One sign of its extension of range is that historians have at last started to take economics seriously. The older generation of historians were almost completely ignorant of economics. This cut them off from full understanding of economic facts. Ferguson has pressed economics into the service of history. Two influences from the “dismal science” have shaped his historical outlook. The first is the theory and history of public finance, a product of his study of the international bond market while working on a history of the Rothschilds.1 The main conclusion of that long work was that though money and power are inextricably linked—public finance being the buckle that binds them—it is power that usually determines what happens to money. The classical, and horrendous, demonstration of this was the First World War.

A second influence on Ferguson has been the economic historian and Nobel Prize winner Douglass North. North picked out institutional innovation, particularly the development of efficient property rights, which channel individual effort into value-adding activities, as the cause of economic growth. “Efficient economic organization is the key to growth; the development of an efficient economic organization in Western Europe accounts for the rise of the West.”2 Ferguson extends North’s thesis by arguing that effective economic institutions were first developed to serve the revenue-raising needs of warrior states. “Institutions,” he writes, “that initially existed to serve the state by financing war also fostered the development of the economy as a whole.”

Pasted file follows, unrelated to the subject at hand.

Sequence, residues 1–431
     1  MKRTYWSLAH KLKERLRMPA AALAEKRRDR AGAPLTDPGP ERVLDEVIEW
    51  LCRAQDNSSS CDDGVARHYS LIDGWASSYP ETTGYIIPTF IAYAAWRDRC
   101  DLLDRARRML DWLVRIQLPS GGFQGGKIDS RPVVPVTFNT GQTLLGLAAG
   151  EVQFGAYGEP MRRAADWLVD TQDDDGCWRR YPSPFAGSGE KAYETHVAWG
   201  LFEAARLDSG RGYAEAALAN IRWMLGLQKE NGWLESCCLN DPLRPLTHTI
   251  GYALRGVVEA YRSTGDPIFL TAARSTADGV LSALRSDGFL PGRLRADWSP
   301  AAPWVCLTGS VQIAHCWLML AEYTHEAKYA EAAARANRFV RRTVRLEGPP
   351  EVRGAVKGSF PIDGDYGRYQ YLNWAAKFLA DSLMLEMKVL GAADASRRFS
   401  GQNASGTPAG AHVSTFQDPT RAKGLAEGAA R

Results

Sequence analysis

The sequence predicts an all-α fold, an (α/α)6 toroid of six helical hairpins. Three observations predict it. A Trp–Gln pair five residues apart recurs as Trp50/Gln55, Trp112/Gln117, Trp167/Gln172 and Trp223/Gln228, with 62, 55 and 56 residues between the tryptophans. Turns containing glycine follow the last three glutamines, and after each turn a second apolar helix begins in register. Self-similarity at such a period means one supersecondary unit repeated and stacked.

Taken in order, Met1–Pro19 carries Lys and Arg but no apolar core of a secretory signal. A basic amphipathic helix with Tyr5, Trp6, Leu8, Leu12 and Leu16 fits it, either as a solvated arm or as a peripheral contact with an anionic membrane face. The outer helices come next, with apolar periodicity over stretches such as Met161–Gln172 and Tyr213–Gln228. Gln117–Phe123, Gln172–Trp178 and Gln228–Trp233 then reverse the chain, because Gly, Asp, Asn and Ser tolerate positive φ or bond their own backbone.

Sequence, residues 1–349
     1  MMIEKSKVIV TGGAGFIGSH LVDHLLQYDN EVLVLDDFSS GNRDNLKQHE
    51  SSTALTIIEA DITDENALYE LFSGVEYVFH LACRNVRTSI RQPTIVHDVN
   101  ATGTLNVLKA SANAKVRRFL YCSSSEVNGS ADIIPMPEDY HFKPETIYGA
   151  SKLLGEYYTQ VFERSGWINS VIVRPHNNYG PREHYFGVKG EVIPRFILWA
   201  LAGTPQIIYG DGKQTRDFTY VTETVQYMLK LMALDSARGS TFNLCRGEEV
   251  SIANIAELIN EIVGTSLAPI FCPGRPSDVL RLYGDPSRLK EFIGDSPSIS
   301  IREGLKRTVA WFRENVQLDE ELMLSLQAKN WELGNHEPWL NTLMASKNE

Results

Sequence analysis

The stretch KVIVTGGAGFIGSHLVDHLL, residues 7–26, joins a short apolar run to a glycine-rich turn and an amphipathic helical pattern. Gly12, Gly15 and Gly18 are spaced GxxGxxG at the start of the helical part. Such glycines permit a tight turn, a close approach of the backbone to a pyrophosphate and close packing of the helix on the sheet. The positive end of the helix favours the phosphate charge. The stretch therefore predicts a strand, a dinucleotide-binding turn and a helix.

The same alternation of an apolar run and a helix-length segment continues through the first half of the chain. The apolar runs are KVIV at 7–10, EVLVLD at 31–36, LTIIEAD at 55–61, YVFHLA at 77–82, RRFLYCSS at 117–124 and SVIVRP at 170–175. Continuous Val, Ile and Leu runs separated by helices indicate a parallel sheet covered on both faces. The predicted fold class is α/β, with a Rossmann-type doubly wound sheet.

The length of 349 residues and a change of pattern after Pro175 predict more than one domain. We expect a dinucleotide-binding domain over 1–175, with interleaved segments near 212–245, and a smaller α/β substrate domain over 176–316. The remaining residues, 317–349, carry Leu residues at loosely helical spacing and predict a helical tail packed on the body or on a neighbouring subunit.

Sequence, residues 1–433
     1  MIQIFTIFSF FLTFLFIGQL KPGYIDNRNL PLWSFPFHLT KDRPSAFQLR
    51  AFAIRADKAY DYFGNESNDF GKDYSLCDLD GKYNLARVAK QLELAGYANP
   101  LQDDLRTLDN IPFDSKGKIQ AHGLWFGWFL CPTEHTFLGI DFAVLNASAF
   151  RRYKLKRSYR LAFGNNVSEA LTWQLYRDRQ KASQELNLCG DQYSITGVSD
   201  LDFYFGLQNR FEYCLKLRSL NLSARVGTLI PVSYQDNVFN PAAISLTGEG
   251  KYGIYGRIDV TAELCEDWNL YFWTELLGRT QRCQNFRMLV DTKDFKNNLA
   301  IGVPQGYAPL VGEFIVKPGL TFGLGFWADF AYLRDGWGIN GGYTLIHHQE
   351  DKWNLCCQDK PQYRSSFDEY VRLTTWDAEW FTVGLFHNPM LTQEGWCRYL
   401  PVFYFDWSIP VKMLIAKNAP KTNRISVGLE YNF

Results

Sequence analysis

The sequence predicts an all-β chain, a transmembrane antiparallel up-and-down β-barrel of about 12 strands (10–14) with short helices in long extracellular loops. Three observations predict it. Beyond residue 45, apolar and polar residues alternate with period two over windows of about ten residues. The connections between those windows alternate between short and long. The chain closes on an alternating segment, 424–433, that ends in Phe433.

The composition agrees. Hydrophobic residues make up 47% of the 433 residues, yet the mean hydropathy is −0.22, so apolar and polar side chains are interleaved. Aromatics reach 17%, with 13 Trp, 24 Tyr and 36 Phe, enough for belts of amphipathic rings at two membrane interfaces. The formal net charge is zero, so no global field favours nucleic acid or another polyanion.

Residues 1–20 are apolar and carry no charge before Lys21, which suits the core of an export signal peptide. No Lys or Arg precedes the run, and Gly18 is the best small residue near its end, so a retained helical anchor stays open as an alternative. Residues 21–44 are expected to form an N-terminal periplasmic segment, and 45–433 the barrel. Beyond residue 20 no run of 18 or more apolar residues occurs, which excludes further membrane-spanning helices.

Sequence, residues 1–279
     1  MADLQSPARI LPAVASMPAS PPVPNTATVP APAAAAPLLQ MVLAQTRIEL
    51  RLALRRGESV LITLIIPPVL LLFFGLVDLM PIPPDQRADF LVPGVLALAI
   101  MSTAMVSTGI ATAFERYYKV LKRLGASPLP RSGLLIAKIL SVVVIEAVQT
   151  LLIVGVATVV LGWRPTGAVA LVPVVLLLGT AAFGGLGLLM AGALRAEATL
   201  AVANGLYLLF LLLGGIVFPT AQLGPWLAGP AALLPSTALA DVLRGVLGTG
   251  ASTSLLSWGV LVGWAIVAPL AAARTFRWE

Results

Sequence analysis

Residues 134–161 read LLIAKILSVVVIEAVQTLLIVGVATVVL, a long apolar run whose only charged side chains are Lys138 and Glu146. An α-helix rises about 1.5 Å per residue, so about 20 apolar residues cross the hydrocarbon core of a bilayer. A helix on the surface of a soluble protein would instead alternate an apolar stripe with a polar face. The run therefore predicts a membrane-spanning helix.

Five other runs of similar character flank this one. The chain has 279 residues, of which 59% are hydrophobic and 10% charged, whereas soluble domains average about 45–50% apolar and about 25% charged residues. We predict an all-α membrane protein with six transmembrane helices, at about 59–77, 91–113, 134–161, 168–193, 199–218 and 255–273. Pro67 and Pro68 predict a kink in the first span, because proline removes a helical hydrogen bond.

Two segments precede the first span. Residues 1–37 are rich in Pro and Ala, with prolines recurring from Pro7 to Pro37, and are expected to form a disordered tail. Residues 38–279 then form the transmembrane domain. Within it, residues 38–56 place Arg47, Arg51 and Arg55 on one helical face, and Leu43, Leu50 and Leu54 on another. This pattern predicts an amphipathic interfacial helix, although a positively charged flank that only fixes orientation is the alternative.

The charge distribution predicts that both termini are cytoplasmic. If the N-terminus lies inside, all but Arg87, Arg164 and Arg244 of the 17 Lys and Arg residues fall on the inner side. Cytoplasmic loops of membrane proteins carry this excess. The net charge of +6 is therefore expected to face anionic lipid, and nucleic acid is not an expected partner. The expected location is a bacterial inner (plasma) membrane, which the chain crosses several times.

The Cash Nexus is organized around three discussions: a historical survey of the state’s revenue-raising capacity, an analysis of the politics of public debts, and the implication of these findings for foreign policy today.

In the beginning,” Ferguson writes, “was war.” This is the foundation of his argument. War is a permanent feature of the human condition, though its frequency and intensity have varied considerably over time. He cites the calculation of the political scientist Jack Levy that the great powers have been involved in wars for 75 percent of the time from 1495 to 1975. France was the most bellicose, followed by Austria, Spain, and England. The “average yearly amount of war” was highest in the sixteenth century and lowest in the nineteenth and twentieth centuries. (The twentieth century had two of the most savage wars in human history, but they were compressed into much shorter periods than earlier great power wars.) This might suggest that war is fading away. Developed states are welfare, not warfare, states.

But it is a peculiarly liberal and democratic illusion, Ferguson contends, to believe that war (or more precisely the use, or threatened use, of force) now plays only a marginal role in human affairs; an illusion bred by the fact that the price of exerting power has gone down enormously. Measured by “bangs per buck,” the most modern military technology has never been cheaper. And a small group of nations headed by the United States (the so-called “international community”) have such overwhelming military superiority that they can impose their will on others at little military risk to themselves. In this respect the Pax Americana of today resem-bles the Pax Britannica of the nineteenth century, with Operation Desert Storm “as a latter-day Omdurman.”

The competitive struggle of nations gives the edge not to the states with the largest resources but to the states that can most efficiently mobilize resources for their foreign policy goals. The institutions for mobilizing resources are a parliament, a tax bureaucracy, a national debt, and a central bank. Ferguson argues that the superior development of this financial “square of power” in eighteenth-century Britain gave it not only a decisive military advantage over its main rival, France, but also a faster rate of economic growth.